These tribal archers do not use their thumb as a mark of respect to EklavyaThink Change India
The Bheels and Bhilalas of Madhya Pradesh love Eklavya, the archer prodigy who had cut off his right hand’s thumb as ‘guru dakshina’ to Dronacharya in Mahabharata. In tribal-dominated Alirajpur district, archers belonging to the Bheel and Bhilala community never use their thumbs while shooting a bow and arrow. This tradition has been followed here as mark of respect towards their ancestor Eklavya and a symbolic protest against Dronacharya and Arjun.
“The use of thumb, index and middle fingers is integral for every archer. But for Bheels and Bhilalas, the use of both thumbs are forbidden from birth to death,” said Bhilala community leader of Alirajpur development block Mahesh Patel. “The tradition has passed on to successive generations. As soon as we pick up a ‘Teer-Kamthi’ (bow and arrow), we stop using our thumbs,” he added. Hindustan Times quoted Bhilala leader Nihal Patel, “We respect Eklavya and hate Dronacharya-Arjun, which is symbolically revealed by our ‘no-thumbs’ tradition in archery. We’ve never faced difficulty in archery and cannot even dream of overlooking this tradition.”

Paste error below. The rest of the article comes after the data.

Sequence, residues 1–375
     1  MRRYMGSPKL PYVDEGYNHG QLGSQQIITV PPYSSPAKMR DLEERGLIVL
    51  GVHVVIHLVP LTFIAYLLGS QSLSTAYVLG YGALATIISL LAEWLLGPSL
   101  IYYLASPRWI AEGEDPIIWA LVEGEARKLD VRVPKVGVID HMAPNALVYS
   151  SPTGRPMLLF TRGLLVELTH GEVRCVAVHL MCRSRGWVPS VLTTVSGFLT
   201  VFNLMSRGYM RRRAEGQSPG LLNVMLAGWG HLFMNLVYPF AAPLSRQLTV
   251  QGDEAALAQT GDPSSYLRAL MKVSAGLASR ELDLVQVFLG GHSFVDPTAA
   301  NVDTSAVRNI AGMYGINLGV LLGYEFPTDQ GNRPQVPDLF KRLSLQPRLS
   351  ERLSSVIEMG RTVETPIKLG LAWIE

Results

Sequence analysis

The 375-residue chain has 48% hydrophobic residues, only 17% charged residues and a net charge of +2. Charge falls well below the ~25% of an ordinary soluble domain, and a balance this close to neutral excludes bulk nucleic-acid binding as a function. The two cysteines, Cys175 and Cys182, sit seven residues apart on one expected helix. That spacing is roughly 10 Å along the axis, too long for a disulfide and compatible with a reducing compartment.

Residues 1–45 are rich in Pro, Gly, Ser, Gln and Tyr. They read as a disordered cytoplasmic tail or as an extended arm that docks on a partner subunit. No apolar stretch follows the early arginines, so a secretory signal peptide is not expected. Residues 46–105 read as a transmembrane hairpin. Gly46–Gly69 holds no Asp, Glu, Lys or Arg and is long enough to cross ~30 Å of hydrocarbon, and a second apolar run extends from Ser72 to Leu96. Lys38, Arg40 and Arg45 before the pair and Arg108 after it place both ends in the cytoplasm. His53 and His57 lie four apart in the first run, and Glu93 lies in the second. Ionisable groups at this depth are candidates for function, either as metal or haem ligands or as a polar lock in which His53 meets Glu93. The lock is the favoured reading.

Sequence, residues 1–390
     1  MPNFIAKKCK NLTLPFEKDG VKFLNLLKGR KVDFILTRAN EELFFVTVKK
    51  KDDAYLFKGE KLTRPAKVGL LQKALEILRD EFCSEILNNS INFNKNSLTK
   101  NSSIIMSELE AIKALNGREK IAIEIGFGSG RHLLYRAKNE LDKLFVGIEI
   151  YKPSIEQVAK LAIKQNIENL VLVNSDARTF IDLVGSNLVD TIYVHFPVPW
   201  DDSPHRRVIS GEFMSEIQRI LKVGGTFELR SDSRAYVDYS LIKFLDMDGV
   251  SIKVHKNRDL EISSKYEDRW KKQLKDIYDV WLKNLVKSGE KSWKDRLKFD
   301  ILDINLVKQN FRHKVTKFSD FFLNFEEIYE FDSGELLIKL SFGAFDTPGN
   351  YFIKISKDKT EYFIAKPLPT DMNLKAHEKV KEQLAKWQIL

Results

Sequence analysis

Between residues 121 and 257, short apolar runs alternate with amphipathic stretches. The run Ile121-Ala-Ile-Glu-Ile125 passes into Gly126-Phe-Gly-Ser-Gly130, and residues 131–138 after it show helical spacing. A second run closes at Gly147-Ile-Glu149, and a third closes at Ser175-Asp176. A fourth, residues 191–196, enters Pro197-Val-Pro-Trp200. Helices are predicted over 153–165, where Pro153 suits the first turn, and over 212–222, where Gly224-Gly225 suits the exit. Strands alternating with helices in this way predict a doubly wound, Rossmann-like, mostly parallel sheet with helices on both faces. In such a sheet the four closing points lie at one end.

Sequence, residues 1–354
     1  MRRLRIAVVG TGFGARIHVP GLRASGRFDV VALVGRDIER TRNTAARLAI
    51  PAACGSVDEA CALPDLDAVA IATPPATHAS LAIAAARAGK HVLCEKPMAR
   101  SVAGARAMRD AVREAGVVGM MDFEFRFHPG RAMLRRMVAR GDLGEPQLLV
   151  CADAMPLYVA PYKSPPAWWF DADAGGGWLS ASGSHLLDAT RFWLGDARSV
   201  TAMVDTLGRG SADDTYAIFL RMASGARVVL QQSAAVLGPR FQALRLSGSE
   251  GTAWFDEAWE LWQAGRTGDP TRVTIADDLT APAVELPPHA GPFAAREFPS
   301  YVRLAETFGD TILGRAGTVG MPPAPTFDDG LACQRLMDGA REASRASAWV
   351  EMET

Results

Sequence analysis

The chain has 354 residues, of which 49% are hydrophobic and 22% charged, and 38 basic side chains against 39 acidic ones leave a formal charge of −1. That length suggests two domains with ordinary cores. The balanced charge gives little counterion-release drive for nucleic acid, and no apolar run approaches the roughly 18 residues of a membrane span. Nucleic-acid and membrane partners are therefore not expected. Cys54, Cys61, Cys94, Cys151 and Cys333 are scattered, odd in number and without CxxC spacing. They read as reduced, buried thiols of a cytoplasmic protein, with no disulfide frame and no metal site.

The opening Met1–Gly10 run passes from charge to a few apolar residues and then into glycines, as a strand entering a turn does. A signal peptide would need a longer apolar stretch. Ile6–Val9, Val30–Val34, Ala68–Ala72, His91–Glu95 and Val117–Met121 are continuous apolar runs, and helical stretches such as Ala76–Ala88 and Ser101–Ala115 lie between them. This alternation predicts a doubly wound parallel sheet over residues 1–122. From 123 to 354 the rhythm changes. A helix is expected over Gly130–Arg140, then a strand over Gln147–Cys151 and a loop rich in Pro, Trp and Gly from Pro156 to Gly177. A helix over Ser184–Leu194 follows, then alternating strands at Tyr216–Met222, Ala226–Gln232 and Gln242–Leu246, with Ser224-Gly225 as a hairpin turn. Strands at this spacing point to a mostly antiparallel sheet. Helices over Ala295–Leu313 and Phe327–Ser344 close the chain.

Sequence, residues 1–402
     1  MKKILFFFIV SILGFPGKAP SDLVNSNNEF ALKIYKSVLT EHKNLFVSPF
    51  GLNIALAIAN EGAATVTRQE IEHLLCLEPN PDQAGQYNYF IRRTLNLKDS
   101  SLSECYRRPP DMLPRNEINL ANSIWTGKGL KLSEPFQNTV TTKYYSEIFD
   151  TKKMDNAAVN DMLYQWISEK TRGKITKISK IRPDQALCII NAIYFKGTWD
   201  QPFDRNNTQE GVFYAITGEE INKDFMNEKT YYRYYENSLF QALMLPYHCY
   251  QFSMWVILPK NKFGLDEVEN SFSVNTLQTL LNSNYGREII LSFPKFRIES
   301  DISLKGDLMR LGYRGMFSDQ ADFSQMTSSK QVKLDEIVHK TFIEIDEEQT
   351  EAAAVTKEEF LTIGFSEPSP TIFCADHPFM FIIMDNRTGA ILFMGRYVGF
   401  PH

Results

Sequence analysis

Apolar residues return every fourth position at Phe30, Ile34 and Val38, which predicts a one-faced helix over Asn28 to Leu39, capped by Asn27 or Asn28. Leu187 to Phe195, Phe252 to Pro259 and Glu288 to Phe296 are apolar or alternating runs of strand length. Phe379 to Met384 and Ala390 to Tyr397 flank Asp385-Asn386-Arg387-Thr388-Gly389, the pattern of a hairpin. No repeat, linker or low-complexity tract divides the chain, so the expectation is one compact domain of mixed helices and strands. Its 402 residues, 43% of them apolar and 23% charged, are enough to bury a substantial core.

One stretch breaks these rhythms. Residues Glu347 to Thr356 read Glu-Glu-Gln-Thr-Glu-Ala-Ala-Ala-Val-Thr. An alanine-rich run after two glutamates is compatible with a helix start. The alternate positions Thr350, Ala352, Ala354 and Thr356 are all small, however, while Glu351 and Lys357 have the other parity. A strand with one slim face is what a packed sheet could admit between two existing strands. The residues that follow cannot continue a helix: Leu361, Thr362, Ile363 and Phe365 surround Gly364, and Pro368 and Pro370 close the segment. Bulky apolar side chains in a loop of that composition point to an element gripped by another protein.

Alirajpur is predominantly a tribal district with more than 91 per cent of the 7.28-plus lakh population (as per the 2011 Census) comprising tribals. Bhilalas and Bheels add up to around 95 per cent of the tribal population in the district. For Bhilalas, the major tribe in Alirajpur, the bow and arrow accompany them since birth and even after death. “Every Bhilala is a born archer who starts wielding bow and arrows at a tender age of 6-7 to guard flocks of goats from predators,” said Mahesh, also the officiating district Congress party chief of Alirajpur. “Even on a funeral pyre, ‘Teer-Kamthi’ accompanies every Bhilala. The ‘Bilki’ (burnt metallic edge of the arrows) is kept in the house as a good omen,” Mahesh added.